Sunday morning we woke up, and were probably a bit tired and might just as well have lazed about all day on the couch, but it’s really only a loveseat, not at all comfortable for a full day of lounging, and as I said in the last paragraph, we only have five more weeks of summer, so we better make the most of it!  So we each squeezed a small thick $2 gold coin and a larger 12-sided 50-cent piece for all they’re worth and had the world’s cheapest date.  The Opal Card is a rechargeable transportation ticket, good for the trains, buses and ferries.  There are some special benefits to the Opal card over just paying as you go – there is a bit of a discount with the card, if you make 8 trips in a Monday-Sunday period all the rest of your trips for the week are free (we haven’t hit that one yet!), and best for us, you can travel all day on Sunday for $2.50.  So we got on train from here to St. James station near Hyde Park.  Only apparently part of the reason Sundays are so cheap is because there might be trackworks on and you might not be able to get to St. James.  And you might sort-of find out about this when you’re on the train and the poorly enunciating, Australian-accented conductor announces on the semi-functioning loudspeaker that passengers for someplace and someplace else and someplace else should disembark at some station and change to some other line.  So we got off at Town Hall, rode another train to Central  which the platform reader board had said was going to Martin Place (near St. James) but  the actual train announcement  and reader board in the car said only Circular Quay, so we got off at Central, but as we read the 17 stations listed on the monitor for that train, and finally saw Martin Place in the revolving list of names, the doors to the train we’d been on (and should have gotten back onto) slid shut and we were left on the platform.  Oh, but there’s a bus to take you around to the stops that are closed due to the trackworks, if you can find the street where the bus is and the spot on that street where it stops, and if the bus isn’t full and actually does stop.  But haven’t we done this waiting-for-a-bus thing before? Oh bother, let’s just walk the rest of the way.  And so we did.  And it was a lovely walk through Hyde Park, seeing the ibises search for grubs in the grass amongst the bikini-clad, sun-worshipping Sydney-siders.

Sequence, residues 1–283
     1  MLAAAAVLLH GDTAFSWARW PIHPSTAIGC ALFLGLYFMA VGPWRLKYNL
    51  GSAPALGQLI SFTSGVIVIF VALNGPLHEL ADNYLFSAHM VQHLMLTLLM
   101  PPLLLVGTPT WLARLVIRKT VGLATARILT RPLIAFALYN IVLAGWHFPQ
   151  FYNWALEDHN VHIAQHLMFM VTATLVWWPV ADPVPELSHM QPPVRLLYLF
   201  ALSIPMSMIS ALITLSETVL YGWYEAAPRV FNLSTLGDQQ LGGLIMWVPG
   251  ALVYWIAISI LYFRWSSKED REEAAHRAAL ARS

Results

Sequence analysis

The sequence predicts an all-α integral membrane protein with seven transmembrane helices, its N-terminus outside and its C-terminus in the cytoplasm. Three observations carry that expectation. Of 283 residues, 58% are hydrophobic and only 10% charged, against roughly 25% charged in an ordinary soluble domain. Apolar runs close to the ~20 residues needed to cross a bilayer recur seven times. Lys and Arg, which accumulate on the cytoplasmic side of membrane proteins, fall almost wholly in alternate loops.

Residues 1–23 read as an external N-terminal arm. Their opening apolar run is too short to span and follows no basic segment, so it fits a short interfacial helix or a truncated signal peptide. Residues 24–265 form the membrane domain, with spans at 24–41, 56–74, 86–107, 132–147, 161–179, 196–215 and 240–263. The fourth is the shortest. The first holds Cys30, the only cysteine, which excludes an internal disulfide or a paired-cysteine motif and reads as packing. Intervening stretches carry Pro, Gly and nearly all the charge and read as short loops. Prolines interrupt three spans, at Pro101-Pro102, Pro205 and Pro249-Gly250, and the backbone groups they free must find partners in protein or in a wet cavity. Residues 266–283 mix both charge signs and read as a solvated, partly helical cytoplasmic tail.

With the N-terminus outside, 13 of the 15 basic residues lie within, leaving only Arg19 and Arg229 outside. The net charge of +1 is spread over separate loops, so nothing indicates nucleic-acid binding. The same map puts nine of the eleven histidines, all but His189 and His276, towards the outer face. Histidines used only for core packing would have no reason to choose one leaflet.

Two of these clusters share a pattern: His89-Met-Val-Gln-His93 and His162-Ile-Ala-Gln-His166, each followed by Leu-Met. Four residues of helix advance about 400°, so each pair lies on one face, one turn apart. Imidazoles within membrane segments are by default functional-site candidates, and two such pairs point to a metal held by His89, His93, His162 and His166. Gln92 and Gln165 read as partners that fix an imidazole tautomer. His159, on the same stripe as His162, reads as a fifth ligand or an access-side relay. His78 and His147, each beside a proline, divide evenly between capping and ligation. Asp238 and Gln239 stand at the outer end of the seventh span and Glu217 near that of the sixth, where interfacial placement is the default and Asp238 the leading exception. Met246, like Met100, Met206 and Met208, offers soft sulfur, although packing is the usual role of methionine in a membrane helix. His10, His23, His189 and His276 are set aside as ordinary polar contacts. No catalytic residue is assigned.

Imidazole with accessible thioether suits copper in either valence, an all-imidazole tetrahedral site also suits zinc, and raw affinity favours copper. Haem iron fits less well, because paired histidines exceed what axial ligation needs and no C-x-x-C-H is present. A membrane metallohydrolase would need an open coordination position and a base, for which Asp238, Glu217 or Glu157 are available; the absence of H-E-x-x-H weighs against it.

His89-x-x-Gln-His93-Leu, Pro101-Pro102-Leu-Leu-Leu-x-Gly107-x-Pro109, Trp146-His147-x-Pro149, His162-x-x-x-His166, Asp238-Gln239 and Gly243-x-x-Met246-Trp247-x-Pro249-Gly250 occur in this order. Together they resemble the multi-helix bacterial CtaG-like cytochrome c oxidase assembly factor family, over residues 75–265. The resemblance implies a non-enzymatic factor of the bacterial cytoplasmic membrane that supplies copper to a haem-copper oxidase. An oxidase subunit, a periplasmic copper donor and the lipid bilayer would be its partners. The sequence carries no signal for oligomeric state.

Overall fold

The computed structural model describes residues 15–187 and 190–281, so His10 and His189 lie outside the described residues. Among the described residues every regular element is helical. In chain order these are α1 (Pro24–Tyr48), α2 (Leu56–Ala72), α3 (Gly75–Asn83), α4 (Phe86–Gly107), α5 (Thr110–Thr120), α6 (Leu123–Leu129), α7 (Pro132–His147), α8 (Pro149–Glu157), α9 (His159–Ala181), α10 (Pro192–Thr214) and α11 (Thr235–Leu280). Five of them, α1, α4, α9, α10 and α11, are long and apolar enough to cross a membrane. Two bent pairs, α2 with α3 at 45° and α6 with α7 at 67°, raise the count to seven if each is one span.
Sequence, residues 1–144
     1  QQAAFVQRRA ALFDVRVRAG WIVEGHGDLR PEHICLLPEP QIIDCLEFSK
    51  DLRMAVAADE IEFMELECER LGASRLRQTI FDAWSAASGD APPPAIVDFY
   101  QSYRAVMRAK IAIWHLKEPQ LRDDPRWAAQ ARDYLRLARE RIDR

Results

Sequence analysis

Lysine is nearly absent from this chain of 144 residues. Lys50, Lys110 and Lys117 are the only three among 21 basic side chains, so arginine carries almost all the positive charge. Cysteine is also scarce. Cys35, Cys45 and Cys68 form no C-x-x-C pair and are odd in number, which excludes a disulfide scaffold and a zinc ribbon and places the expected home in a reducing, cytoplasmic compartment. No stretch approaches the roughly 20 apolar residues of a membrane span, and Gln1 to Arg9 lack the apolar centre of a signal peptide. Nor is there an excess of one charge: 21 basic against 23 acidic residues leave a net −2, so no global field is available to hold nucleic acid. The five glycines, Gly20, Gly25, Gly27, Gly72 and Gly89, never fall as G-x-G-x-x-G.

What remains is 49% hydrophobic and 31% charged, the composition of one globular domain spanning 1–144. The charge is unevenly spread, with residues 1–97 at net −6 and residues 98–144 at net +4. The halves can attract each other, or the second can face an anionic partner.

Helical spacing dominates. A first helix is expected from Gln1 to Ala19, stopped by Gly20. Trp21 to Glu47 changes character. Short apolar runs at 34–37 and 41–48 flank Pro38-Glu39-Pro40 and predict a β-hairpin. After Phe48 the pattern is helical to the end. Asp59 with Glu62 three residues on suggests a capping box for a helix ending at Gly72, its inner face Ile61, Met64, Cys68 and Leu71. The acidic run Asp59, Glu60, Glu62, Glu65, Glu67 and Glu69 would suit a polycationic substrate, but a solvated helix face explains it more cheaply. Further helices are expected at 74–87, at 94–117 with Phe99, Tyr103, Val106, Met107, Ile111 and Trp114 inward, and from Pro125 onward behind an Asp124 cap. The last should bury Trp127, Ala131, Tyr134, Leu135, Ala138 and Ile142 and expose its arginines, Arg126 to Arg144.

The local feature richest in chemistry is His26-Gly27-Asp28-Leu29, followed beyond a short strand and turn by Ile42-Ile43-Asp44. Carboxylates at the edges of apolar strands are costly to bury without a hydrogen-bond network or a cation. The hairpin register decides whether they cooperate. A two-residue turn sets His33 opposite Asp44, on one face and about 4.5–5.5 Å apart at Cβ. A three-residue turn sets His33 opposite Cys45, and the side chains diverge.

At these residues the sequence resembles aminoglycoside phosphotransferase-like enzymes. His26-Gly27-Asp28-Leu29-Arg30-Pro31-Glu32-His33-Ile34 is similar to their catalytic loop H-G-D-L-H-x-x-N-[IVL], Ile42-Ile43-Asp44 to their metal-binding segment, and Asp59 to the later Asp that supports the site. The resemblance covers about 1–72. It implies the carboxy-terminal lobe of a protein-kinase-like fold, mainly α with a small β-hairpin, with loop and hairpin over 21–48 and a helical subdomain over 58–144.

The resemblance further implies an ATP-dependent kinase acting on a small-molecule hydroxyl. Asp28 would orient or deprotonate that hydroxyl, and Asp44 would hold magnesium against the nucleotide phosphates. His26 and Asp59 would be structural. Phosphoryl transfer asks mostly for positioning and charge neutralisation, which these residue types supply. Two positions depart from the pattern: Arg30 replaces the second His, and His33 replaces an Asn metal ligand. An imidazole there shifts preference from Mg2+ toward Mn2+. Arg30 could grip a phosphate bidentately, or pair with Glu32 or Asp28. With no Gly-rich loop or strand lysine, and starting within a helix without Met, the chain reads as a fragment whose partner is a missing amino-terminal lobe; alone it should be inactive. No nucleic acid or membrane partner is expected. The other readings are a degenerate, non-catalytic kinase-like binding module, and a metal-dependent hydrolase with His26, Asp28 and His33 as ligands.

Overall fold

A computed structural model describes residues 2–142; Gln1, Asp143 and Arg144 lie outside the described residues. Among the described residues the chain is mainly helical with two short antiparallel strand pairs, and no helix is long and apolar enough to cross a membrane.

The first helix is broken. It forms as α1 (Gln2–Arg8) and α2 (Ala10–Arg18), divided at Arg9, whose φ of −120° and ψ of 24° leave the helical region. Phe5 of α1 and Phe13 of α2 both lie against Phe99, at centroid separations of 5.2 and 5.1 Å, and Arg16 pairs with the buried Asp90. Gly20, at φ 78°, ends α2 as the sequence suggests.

We reached the Art Gallery of NSW just in time for their free Sunday film series.  This week we saw the first colour Mickey Mouse cartoon, “The Band Concert,” and “Don’t Look Back,” a documentary about Bob Dylan’s 1965 tour of England.  Perhaps a film student would appreciate the pioneering cinematic style, or a die-hard Dylan fan could appreciate hearing “The Times, They are a Changin’” seven times in 96 minutes.  I’m afraid I nodded off a bit, but I’ll blame it on the tryptophan in the turkey.  [Not me! Bob Dylan, Joan Baez and Donovan all enclosed in a single grainy black and white frame? Are you kidding? It brought me right back to when I was seven years old, living in Altadena, California where we sometimes saw the old lady with the leopard print coat out walking her ocelot.]  Not only is the film series free, the museum is, too, so we squeezed a bit more entertainment out of the afternoon and looked at some paintings and sculpture.  We found $1 chocolate waffle cones at Maccas (the silly nickname they have for McDonald’s down under). Opera house from Manly ferryAnd then, since we’d reached the maximum Opal cost for any Sunday we took full advantage and rode the MV Narabeen across Sydney harbour to Manly.  We managed to snag a seat up top, right at the front of the double-ender ferry.  That lovely view of the Opera House from the water, for free?  Can’t beat it.  It was late enough that we opted to stay aboard and ride the boat on her return to Circular Quay.  We moved to the formerly-stern-now-bow of the vessel and watched as 1100 surfers and sunbathers, having spent the day at Manly beach, crowded aboard, filling the ship to the gills.  November’s weather here is nothing if not changeable and by our departure from Manly there was lightning to the south and rolling seas as we passed the Sydney Heads and the opening to Port Jackson.  Sydney weather from ferry Nov 30Soon there was enough rain even for a Seattlite to retreat indoors.   We caught a train home in time for some Thanksgiving leftovers.  Trains, movies, boats, snacks and art for $3.50 each.  Quite a day.

I’ll sign off here, and let Dr. Roddy do his magic.  3800 words, nearly 6 pages.  And I thought we’d be writing about a dull week.

Until next time,

Mary [and Mark]